With the fall semester starting at Virginia Commonwealth University this week, I have started to think about some new writing and reading exercises for my students. As these exercises will relate with our course goals and readings, I thought I would share my course descriptions and reading lists for my two classes, English 215: Textual Analysis and English 305: Writing Poetry.
ENGL 215: Textual Analysis
“The Captive Body, The Body Captivating”—In order to investigate the means by which writers have control over textual bodies, we will examine a century’s worth of narratives about individuals’ control, or lack thereof, over their physical bodies. Beginning with Franz Kafka’s The Metamorphosis (1915) and working our way toward Leslie Jamison’s The Empathy Exams: Essays (2014), we will explore through class discussion and written assignments the relationships between identity, form, and point of view. In doing so, students will hone their abilities as close readers and critical thinkers, analyzing the writers’ choices in presenting these narratives and their effects on the reader, as well as the historical significance of each text and its consequence in today’s debates about individuals’ rights over their own bodies. In addition to the following primary texts, we will also read criticism that reflects a diverse approach to these issues, including new criticism, feminist and queer theory.
- Atwood, Margaret. The Handmaid’s Tale. Knopf Doubleday, 1998. ISBN: 978-0385490818.
- Carson, Anne. Autobiography of Red. Vintage, 1999. ISBN: 978-0375701290.
- Huxley, Aldous. Brave New World. HarperCollins, 2006. ISBN: 978-0060850524.
- Jamison, Leslie. The Empathy Exams: Exams. Graywolf, 2014. ISBN: 978-1555976712.
- Kafka, Franz. The Metamorphosis, In The Penal Colony, and Other Stories. Touchstone, 2000. ISBN: 978-0684800707.
- Morrison, Toni. Beloved. Vintage, 2004. ISBN: 978-1400033416.
- Nabokov, Vladimir. The Annotated Lolita: Revised and Updated. Vintage, 1991. ISBN: 978-0679727293.
- Ward, Jesmyn. Salvage the Bones. Bloomsbury, 2012. ISBN: 978-1608196265.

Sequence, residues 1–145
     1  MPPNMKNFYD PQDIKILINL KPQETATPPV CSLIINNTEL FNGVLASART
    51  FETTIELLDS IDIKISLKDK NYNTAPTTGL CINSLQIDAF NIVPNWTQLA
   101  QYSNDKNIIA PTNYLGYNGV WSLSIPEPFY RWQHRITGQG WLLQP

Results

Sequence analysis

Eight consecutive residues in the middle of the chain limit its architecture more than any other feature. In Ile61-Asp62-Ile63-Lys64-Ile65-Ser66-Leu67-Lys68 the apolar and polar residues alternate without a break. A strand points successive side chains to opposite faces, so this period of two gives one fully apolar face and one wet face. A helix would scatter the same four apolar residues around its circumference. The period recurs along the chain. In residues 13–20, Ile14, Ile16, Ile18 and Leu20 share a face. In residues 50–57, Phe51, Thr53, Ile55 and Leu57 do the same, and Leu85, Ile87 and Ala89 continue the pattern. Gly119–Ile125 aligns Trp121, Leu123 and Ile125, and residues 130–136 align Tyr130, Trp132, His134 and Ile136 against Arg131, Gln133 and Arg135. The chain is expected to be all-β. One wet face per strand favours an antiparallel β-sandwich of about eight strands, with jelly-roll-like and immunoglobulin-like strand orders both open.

ENGL 305 Writing Poetry
American poet C.D. Wright once wrote: “If I wanted to understand a culture, my own for instance . . . I would turn to poetry first. For it is my confirmed bias that the poets remain the most ‘stunned by existence,’ the most determined to redeem the world in words.” In this course, we will hold poetry to this noble standard, as an amplifier for the voices in our culture and an invocatory rendering of our world. In doing so, I’ll ask you to not only read and write poetry but begin to look at your surroundings as a poet would. This requires close examination of images, scrutiny of your thoughts and feelings about subject matter, and consideration for other points of view. Additionally, you will be asked to think deeply about language, in terms of its meanings, its sounds, and its rhythms. You should bring to this class a hard work ethic supported by curiosity and generosity. As a means of introduction to the craft of poetry, students will submit original poems for workshop, a collaborative discussion about writing techniques and their effects on readers. In addition to workshop, you will be asked to engage with the writing of contemporary poets, to read like a writer would. I’ve chosen seven contemporary poetry collections and Poetry magazine so that you will have a lens through which to examine the current landscape of American poetry and to see that even today poets are still trying to “redeem the world in words.”
- Bendorf, Oliver. The Spectral Wilderness. Kent State University Press, 2014. ISBN: 978-1606352113.
- Diaz, Natalie. When My Brother Was an Aztec. Copper Canyon Press, 2012. ISBN: 978-1556593833.
- Emerson, Claudia. Secure the Shadow. Louisiana State University Press, 2012. ISBN: 978-0807143032.
- Faizullah, Tarfia. Seam. Southern Illinois University Press, 2014. ISBN: 978-0809333257.
- Reeves, Roger. King Me. Copper Canyon Press, 2013. ISBN: 978-1556594489.
- Smith, Carmen Giménez. Milk and Filth. University of Arizona Press, 2013. ISBN: 978-0816521166.
- Trethewey, Natasha. Native Guard. Mariner Books, 2007. ISBN: 978-0618872657.
Class: Beginning Poetry (Tinker Mountain Writers’ Workshop)
Readings: Each others’ poems
Time: 30 minutes
- Each class member should respond to a poem written by the person seated on their right. They can argue or interrogate an idea, provide an anecdotal narrative that relates to the first person, or work associatively away from the original kernel to access something new. Participants should remember their addressee’s personality, concerns, and
- The next step has two variations. Students should then write a response to:
- the response to their own poem so as to create a dialogue between the two poets, or
- the response written by their original addressee so as to create a chain of communication.